At the earliest stages, and toward the end of treatment, you and your treatment team will develop a plan for “aftercare,” or what services or strategies you will employ after treatment to help you in your new life of recovery. After treatment, it can be easy to feel like no more medical or psychiatric needs exist, and in some cases individuals might feel fatigued from the incredible amount of mental and emotional work they have already done during treatment. It’s important to recognize that ongoing therapy and other services will continue to provide benefit long after the period of rapid change and improvement in early recovery plateaus. Following up on recommendations from your treatment provider as well as staying physically and mentally healthy by regularly checking in with doctors, psychiatrists, therapists, or whomever else may be a part of your aftercare plan will keep you informed of your own needs, and help identify areas where you might continue to grow and improve your quality of life. Following the advice and recommendations of professionals can help you take actions toward staying sober that you may not have realized were as important as they are.
Recognize Negative Patterns
Oftentimes it is suggested to change “people, places, and things” in early recovery. It is important to recognize old behaviors or aspects of your life that could lead you to relapse, and to determine whether sober living, making sober friends, or finding a job in a healthy environment are changes that will be beneficial to your recovery. Whether you are going to a therapist or have a sponsor, learning how to recognize old maladaptive patterns when they creep in can help prevent relapse, and changing your circumstances from where old patterns were acceptable, to being in environments that support a healthier way of living will help prevent the old behaviors, thoughts, and feelings from returning to pervasive issues.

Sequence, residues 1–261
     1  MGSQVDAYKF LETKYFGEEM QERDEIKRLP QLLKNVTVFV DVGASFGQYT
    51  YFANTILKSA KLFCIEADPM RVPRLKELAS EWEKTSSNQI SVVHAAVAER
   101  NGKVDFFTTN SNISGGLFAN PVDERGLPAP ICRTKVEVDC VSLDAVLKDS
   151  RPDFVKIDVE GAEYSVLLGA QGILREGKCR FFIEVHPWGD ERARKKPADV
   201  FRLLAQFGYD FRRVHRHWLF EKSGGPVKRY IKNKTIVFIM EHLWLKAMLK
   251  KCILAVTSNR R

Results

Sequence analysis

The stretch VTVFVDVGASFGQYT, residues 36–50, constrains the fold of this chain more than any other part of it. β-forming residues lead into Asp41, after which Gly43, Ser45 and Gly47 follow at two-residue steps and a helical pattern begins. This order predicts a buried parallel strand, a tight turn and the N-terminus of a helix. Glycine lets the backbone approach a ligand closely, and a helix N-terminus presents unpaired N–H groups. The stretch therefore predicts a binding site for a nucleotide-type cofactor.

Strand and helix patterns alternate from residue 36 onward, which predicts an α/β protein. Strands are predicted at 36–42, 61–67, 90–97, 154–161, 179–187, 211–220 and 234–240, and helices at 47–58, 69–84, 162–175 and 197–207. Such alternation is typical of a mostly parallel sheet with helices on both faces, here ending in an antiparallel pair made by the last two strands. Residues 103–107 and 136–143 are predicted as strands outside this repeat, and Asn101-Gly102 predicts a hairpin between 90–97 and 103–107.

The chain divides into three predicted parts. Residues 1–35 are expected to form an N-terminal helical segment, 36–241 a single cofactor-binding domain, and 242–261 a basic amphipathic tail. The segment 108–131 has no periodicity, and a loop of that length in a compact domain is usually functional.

Joining a Fellowship
Whether a 12-step group, Refuge Recovery, SMART recovery, or any other type of fellowship or support group, these programs can serve as a vital place to turn to for help and ongoing support throughout recovery. We strongly recommend that individuals find healthy support groups wherein they share a common purpose with others. We have found it most effective when these support groups incorporate some aspect of personal recovery as a part of their mission.
Live in Sober Living if Necessary
Sober living or halfway housing helps provide structure and accountability. These can also be great places to make friends and stay connected to a fellowship. In the Northern Virginia and DC area, Oxford Houses provide great and affordable sober living for many after they leave treatment, and we are starting to see an increase in independently run sober livings that incorporate a house manager and supervision to increase the structure over peer-run homes such as Oxford Houses. Living environment can be one of the biggest predictors for success in recovery, and living in a healthy supportive recovery environment during early recovery might just be the key to long-term stability and sobriety.
Encore Outpatient Services is a long-term addiction treatment program in Arlington, Virginia. Handling addiction and co-occurring disorders, complex cases, and family therapy, and medication management, our long-term programs help facilitate optimal healing and lasting recovery for years to come. For more information call us today at 703-594-7398 or visit our website here at https://encorerecovery.com/